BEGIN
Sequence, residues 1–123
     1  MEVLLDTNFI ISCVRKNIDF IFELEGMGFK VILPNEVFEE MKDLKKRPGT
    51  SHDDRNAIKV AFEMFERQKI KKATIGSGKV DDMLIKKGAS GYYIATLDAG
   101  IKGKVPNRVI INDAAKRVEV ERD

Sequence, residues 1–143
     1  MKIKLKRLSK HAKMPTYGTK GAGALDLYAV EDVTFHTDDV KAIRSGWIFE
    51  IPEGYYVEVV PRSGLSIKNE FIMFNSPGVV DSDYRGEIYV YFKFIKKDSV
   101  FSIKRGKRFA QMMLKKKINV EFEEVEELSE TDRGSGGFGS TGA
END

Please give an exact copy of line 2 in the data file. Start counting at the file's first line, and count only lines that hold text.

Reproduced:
     1  MEVLLDTNFI ISCVRKNIDF IFELEGMGFK VILPNEVFEE MKDLKKRPGT